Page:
The Anaesthetic-ECT Time Interval in Electroconvulsive Therapy Practice: Is It Time to Time?




Curated By TMS Solutions on Sep 14, 2016 9:03:00 AM
Curated By TMS Solutions

Title:

The Anaesthetic-ECT Time Interval in Electroconvulsive Therapy Practice--Is It Time to Time?

Source:

Galvez V; Hadzi-Pavlovic D; Wark H; Harper S; Leyden J; Loo CK. Brain Stimulation. 9(1):72-7, 2016 Jan-Feb.


BACKGROUND: Because most common intravenous anaesthetics used in ECT have anticonvulsant properties, their plasma-brain
concentration at the time of seizure induction might affect seizure expression. The quality of ECT seizure expression has been repeatedly associated with efficacy outcomes. The time interval between the anaesthetic bolus injection and the ECT stimulus (anaesthetic-ECT time interval) will determine the anaesthetic plasma-brain concentration when the ECT stimulus is administered.


OBJECTIVE:The aim of this study was to examine the effect of the anaesthetic-ECT time interval on ECT seizure quality and duration.


METHODS:The anaesthetic-ECT time interval was recorded in 771 ECT sessions (84 patients). Right unilateral brief pulse ECT was applied. Anaesthesia given was propofol (1-2mg/kg) and succinylcholine (0.5-1.0mg/kg). Seizure quality indices (slow wave onset, amplitude, regularity, stereotypy and post-ictal suppression) and duration were rated through a structured rating scale by a single blinded trained rater. Linear Mixed Effects Models analysed the effect of the anaesthetic-ECT time interval on seizure quality indices, controlling for propofol dose (mg), ECT charge (mC), ECT session number, days between ECT, age (years), initial seizure threshold (mC) and concurrent medication.


RESULTS: Longer anaesthetic-ECT time intervals lead to significantly higher quality seizures (p<0.001 for amplitude, regularity, stereotypy and post-ictal suppression).


CONCLUSIONS: These results suggest that the anaesthetic-ECT time interval is an important factor to consider in ECT practice. This time interval should be extended to as long as practically possible to facilitate the production of better quality seizures. Close collaboration between the anaesthetist and the psychiatrist is essential.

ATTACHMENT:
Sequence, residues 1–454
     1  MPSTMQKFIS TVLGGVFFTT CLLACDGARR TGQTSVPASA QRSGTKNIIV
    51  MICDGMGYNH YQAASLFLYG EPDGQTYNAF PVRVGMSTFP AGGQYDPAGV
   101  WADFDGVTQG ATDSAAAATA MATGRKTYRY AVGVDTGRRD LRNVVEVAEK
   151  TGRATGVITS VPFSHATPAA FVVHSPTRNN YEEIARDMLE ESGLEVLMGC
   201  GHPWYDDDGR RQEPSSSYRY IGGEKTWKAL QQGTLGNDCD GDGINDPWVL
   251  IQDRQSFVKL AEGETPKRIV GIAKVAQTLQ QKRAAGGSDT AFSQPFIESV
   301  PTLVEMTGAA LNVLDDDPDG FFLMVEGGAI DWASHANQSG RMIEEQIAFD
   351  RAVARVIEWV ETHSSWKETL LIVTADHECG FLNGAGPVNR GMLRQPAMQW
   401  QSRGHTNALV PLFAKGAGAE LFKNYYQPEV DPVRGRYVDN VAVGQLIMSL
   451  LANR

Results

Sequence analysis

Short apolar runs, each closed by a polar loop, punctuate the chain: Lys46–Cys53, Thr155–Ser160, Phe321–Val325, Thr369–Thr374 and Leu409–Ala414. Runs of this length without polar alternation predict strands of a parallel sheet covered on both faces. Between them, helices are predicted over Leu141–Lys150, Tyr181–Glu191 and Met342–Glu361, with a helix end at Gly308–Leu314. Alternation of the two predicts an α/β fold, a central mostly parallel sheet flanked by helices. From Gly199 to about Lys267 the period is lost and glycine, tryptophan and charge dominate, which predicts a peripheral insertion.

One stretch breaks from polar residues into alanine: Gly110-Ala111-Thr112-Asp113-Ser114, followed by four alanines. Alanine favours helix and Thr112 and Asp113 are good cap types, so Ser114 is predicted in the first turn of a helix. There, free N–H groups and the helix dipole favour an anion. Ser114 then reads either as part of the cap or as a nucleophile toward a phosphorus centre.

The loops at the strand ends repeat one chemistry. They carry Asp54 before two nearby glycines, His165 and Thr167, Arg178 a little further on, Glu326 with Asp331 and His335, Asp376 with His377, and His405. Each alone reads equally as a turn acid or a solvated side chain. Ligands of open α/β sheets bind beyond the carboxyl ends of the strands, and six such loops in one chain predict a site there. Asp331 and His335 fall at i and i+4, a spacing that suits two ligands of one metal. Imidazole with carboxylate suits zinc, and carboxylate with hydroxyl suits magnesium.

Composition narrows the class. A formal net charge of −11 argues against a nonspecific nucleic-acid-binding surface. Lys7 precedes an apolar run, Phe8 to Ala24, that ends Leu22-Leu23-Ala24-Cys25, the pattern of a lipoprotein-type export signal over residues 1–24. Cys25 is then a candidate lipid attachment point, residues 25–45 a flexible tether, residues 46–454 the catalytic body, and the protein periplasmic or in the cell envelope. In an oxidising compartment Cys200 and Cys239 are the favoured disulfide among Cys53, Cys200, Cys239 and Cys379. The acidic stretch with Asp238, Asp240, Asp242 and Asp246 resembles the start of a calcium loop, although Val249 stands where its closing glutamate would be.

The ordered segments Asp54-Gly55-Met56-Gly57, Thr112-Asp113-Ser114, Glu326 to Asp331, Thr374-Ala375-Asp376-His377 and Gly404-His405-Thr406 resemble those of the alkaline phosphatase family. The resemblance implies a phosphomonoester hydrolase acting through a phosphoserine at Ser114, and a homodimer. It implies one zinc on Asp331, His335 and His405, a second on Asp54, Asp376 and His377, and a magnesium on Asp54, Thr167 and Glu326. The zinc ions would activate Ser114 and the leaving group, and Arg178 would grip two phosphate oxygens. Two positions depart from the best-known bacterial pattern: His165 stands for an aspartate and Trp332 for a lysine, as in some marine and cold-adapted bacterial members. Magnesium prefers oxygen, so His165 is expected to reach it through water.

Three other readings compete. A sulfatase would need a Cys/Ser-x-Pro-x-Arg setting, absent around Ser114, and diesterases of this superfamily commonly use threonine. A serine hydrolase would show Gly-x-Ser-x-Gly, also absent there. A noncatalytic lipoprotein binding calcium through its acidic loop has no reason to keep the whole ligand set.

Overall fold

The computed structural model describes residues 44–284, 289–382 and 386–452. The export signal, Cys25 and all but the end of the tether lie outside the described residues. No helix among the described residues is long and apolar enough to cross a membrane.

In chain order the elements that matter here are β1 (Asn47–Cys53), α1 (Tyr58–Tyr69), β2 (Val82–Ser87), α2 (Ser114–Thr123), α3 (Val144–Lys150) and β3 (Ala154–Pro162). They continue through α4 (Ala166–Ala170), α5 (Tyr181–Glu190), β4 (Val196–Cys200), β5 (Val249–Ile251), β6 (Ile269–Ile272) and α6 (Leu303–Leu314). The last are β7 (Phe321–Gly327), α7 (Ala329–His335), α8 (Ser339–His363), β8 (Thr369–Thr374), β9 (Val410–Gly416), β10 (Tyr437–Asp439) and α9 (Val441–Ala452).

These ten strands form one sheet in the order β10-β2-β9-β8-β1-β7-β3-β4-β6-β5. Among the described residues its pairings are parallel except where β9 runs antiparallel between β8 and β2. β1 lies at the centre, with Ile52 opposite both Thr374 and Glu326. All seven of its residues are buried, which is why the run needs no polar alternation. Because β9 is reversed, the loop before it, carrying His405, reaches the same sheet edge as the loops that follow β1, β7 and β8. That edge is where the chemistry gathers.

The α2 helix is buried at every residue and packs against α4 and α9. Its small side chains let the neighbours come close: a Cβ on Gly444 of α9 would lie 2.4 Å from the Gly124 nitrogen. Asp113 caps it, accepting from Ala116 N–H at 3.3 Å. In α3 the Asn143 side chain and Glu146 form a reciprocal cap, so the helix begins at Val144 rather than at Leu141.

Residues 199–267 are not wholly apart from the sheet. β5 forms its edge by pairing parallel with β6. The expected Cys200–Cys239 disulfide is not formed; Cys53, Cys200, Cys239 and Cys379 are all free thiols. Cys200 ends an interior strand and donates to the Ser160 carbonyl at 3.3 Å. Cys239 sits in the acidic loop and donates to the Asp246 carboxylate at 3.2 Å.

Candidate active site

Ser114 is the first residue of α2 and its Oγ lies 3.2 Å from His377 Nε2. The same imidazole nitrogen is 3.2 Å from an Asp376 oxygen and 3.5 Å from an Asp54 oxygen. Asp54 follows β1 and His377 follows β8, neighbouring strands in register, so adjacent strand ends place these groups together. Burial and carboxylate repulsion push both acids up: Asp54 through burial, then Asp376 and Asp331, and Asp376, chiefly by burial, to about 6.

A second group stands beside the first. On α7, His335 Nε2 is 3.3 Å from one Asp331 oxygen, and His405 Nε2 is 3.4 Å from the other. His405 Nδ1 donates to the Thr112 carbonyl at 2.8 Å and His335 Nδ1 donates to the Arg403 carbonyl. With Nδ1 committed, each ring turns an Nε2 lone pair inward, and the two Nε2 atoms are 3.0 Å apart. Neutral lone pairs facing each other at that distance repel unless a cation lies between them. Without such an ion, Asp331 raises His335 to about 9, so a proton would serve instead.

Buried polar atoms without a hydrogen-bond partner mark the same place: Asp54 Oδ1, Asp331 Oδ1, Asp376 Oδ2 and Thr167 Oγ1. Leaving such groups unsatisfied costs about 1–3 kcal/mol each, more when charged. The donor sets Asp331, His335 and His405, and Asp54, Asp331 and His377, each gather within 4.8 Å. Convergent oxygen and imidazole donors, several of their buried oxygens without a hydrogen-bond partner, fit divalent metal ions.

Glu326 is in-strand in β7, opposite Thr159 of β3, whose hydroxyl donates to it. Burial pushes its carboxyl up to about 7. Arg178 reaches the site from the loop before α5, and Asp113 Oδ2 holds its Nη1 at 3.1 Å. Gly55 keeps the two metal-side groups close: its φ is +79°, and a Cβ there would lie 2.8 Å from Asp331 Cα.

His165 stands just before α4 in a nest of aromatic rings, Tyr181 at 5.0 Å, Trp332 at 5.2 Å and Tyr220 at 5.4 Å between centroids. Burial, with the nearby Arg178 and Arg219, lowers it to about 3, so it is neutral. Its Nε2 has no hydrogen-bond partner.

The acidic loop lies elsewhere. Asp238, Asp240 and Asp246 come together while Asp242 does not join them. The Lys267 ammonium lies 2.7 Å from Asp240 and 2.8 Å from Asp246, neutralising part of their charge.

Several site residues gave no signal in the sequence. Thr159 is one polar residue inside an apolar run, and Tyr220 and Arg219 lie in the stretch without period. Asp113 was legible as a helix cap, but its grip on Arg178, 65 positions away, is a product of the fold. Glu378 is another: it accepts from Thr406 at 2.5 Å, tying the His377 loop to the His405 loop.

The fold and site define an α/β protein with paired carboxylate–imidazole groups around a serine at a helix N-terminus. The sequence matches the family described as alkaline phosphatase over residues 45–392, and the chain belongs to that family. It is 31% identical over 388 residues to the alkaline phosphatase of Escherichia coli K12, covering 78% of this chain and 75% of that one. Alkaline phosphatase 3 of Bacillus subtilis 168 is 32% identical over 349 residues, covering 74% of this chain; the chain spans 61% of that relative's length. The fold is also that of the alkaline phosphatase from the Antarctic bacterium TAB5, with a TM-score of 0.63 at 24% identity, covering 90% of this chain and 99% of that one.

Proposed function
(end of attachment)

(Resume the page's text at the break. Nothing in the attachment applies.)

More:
Copyright:© 2015 Elsevier Inc.

All right reserved. 

 

Authors:

Institution Galvez, Veronica. School of Psychiatry, University of New South Wales (UNSW), Hospital Road, Randwick, NSW 2031, Australia; Black Dog Institute, Hospital Road, Randwick, NSW 2031, Australia; The Wesley Hospital, 7 Blake St, Kogarah, NSW 2217, Australia. Hadzi-Pavlovic, Dusan.School of Psychiatry, University of New South Wales (UNSW), Hospital Road, Randwick, NSW 2031, Australia; Black Dog Institute, Hospital Road, Randwick, NSW 2031, Australia. Wark, Harry. School of Psychiatry, University of New South Wales (UNSW), Hospital Road, Randwick, NSW 2031, Australia; The Wesley Hospital, 7 Blake St, Kogarah, NSW 2217, Australia; The Sydney Clinic, 22-24 Murray St, Bronte, NSW 2024, Australia; Children's Hospital Westmead, Hawkesbury Road & Hainsworth Street, Westmead, NSW 2145, Australia. Harper, Simon. The Wesley Hospital, 7 Blake St, Kogarah, NSW 2217, Australia; Faculty of Medicine, University of New South Wales, Samuels Ave, Kensington, NSW 2052, Australia. Leyden, John. The Wesley Hospital, 7 Blake St, Kogarah, NSW 2217, Australia; Department of Anaesthesia and Pain Management, Royal NorthShore Hospital, Reserve Rd, St Leonards, NSW 2065, Australia. Loo, Colleen K. School of Psychiatry, University of New South Wales (UNSW), Hospital Road, Randwick, NSW 2031, Australia; Black Dog Institute, Hospital Road, Randwick, NSW 2031, Australia; The Wesley Hospital, 7 Blake St, Kogarah, NSW 2217, Australia; St. George Hospital, Gray St, Kogarah, NSW 2217, Australia. Electronic address: colleen.loo@unsw.edu.au.

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Topics: ECT


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